17.1: BASICS OF SERIAL COMMUNICATION RS232 and other serial I/O standards • For compatibility in data communication equipment, an interfacing standard called RS232 was set by the Electronics Industries Association (EIA) in 1960. • Today, the most widely used serial I/O interface standard. • RS232 input/output voltage is not TTL compatible: • Bit 1 is –3 to –25 V; Bit 0 +3 to +25 V. • +3 to –3 is undefined. • To connect RS232 to a TTL-level chip requires voltage converters to convert the TTL logic levelsto the RS232 voltage level, and vice versa. • MAX232/233 IC chips commonly called line drivers.
Line drivers used for TxD are designated T1 and T2 Line drivers used for RxD are designated R1 and R2. Fig. 17-4 Inside MAX232 and its connection to the USART 17.1: BASICS OF SERIAL COMMUNICATION RS232 and other serial I/O standards • The MAX232 has two sets of line drivers for transferring and receiving data
T1in pin is the TTL side, connected to TxD of the USART. T1out is connected to RxD of the RS232 DB connector. Fig. 17-4 Inside MAX232 and its connection to the USART 17.1: BASICS OF SERIAL COMMUNICATION RS232 and other serial I/O standards • The MAX232 T1 line driver has a designation ofT1in & T1out on pin numbers 11 & 14, respectively.
R1in (pin 13) is connected to TxD of the RS232 DB connector. R1out (pin 12) is the TTL side, connected to RxD of the USART. Fig. 17-4 Inside MAX232 and its connection to the USART 17.1: BASICS OF SERIAL COMMUNICATION RS232 and other serial I/O standards • The R1 line driver has a designation of R1in and R1out on pin numbers 13 and 12, respectively.
Performs the same as MAX232,but eliminates need for capacitors. MAX233 is a much moreexpensive chip than MAX232. Fig. 17-5 Inside MAX233 and its connection to the USART 17.1: BASICS OF SERIAL COMMUNICATION RS232 and other serial I/O standards • MAX232 requires four capacitors ranging from1 to 22 mF—some designers use the MAX233
17.1: BASICS OF SERIAL COMMUNICATION RS232 pins Pins and their labels for the RS232 cable, which is commonly referred to as the DB-9 connector. Fig. 17-6 DB9 9-Pin Connector
17.1: BASICS OF SERIAL COMMUNICATION data communication classification • DTE (data terminal equipment) refers to terminals and computers that send and receive data. • DCE (data communication equipment) refers to communication equipment, such as modems, responsible for transferring the data.
RS232 signal definitionsare from the point of viewof DTE. Fig.17-7 Null Modem Connection for Data Lines 17.1: BASICS OF SERIAL COMMUNICATION data communication classification • The simplest connection between two PCs (DTE & DTE) requires pins TxD, RxD, and ground, also referred to as SG (signal ground). . • Connection between two DTE devices, such as twoPCs, requires pins 2 and 3 to be interchanged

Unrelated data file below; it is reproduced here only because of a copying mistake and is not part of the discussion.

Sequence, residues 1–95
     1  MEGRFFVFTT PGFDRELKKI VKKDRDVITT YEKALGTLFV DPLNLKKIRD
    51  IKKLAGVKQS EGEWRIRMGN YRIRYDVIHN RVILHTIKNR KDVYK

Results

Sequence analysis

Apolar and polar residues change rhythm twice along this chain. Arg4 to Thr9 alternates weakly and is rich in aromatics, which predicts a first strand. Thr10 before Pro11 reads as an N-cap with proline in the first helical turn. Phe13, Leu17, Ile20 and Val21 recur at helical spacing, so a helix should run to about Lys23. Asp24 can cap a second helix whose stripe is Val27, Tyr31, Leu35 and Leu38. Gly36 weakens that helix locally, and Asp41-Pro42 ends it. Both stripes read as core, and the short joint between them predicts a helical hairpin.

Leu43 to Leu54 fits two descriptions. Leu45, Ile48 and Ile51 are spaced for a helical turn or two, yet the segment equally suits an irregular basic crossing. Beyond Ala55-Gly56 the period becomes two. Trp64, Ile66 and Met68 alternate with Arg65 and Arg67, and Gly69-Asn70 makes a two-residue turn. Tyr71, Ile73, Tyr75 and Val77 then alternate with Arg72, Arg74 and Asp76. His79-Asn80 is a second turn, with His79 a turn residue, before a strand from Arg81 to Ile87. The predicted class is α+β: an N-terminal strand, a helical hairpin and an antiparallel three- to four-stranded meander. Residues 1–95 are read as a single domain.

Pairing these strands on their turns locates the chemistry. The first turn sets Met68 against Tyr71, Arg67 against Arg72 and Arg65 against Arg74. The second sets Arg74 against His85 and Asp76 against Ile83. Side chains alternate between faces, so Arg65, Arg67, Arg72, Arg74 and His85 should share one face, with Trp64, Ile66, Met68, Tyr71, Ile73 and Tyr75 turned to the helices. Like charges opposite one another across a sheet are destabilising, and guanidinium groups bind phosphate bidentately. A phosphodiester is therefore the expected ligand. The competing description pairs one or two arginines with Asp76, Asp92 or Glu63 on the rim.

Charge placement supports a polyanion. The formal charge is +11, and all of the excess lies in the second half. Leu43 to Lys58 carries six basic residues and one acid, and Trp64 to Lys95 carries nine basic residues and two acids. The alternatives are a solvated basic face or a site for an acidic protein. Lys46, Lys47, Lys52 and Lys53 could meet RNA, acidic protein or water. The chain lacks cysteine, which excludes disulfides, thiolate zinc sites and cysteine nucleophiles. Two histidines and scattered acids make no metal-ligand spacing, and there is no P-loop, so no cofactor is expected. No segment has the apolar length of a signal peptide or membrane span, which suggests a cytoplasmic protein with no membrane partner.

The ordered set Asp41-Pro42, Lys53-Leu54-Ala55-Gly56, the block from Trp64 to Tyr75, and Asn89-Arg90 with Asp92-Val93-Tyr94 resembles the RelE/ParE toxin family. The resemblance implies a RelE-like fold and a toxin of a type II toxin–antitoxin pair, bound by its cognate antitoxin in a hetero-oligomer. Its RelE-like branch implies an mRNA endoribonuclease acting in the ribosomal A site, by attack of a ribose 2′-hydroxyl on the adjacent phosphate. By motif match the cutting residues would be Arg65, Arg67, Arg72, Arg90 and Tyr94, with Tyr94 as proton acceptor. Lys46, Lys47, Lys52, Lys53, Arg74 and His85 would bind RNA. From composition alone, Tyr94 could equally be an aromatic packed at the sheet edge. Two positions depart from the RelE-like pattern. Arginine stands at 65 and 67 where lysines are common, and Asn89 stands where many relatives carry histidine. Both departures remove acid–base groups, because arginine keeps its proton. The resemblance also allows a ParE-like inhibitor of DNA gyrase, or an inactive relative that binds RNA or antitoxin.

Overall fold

17.1: BASICS OF SERIAL COMMUNICATION examining the RS232 handshaking signals • To ensure fast & reliable data transmission between two devices, the data transfer must be coordinated. • Some RS232 pins are used for handshaking signals. • DTR (data terminal ready) - when a terminal or PC COM port is turned on, after self-test, it sends signal DTR to indicate it is ready for communication. • An output from DTE (COM port); an input to the modem. • DSR (data set ready) - when a DCE (modem) is turned on and has gone through self-test, it asserts DSR to indicate that it is ready to communicate. • An active-low signal.
17.1: BASICS OF SERIAL COMMUNICATION examining the RS232 handshaking signals • RTS (request to send) - when the DTE has a byteto transmit, it asserts RTS to signal the modemthat it has a byte of data to transmit. • An active-low output from DTE; an input to the modem. • CTS (clear to send) - when the modem has roomfor storing the data it is to receive, it sends signal CTS to DTE (PC) to indicate it can receive the data. • CD (carrier detect, or DCD, data carrier detect) - the modem asserts signal CDC to inform DTE (PC) that a valid carrier has been detected and that contact between it and the other modem is established.
17.1: BASICS OF SERIAL COMMUNICATION examining the RS232 handshaking signals • RI (ring indicator) - an output from modem (DCE) and input to a PC (DTE), that indicates that the telephone is ringing. • ON and OFF in synchronization with the ringing sound.
RTS and CTS are alsoreferred to as hardware flow control signals. Fig.17-8Null Modem Connection with Control Signals 17.1: BASICS OF SERIAL COMMUNICATION examining the RS232 handshaking signals • RTS and CTS actually control the flow of data. • When the PC wants to send data it asserts RTS • If the modem is ready to accept the data, it sends CTS.
17.2: PROGRAMMING x86 PC COM PORTS IBM PC COM ports • In the x86 PC, as many as four COM ports can be installed, numbered 1, 2, 3, and 4. • BIOS numbers them as 0, 1, 2, and 3. • The PC POST (power-on self-test) tests theUSART chip for each of the four COM ports. • If they are installed, their I/O port addresses arewritten to memory locations 0040:0000–0040:0007.
17.2: PROGRAMMING x86 PC COM PORTS using HyperTerminal on x86 PC • HyperTerminal is a widely used utilitythat comes with Windows 2000/XP,for communication with the x86 PCvia the serial COM port. • It is not dynamic, so it cannot beincorporated into programs
See the entire listof BIOS INT14functions inFig. 17-9 onpages 456 - 457. 17.2: PROGRAMMING x86 PC COM PORTS programming COM ports using BIOS INT 14H • Serial communication ports of the x86 PC can be accessed using the BIOS-based INT 14H. • Various options of INT 14H are chosen with the AH registers.
17.2: PROGRAMMING x86 PC COM PORTS programming COM ports using BIOS INT 14H • Using BIOS INT 14H we can send and receive characters with another PC via a COM port: • 1. To send a character… • INT 14H, AH = 1, AL = character. • 2. To receive a character… • INT 14H, AH = 3 (to get COM port status in register AH) • 3. To read the received character… • INT 14H, AH = 2 (AL holds the character upon return)
17.2: PROGRAMMING x86 PC COM PORTS programming x86 COM port using C# 2005 • To program the COM port we can use System.IO.Ports namespace in C# 2005. • Shown in Programs 17-2 and 17-3 on page 459. • Program 17-2 writes data to the COM port. • Program 17-3 reads data from the COM port.
Dec Hex Bin 17 11 00010001 ENDS ; SEVENTEEN